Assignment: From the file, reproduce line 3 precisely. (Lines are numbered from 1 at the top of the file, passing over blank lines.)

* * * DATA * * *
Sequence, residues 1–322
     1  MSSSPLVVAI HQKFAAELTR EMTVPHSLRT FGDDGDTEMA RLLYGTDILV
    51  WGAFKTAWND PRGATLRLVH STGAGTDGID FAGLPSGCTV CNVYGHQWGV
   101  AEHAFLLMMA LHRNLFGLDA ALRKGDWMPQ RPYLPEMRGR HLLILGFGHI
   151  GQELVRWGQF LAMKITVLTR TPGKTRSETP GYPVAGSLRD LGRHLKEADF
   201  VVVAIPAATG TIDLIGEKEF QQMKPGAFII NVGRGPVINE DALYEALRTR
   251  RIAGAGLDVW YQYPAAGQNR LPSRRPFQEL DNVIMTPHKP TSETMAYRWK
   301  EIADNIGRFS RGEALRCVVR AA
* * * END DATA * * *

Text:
    51  WGAFKTAWND PRGATLRLVH STGAGTDGID FAGLPSGCTV CNVYGHQWGV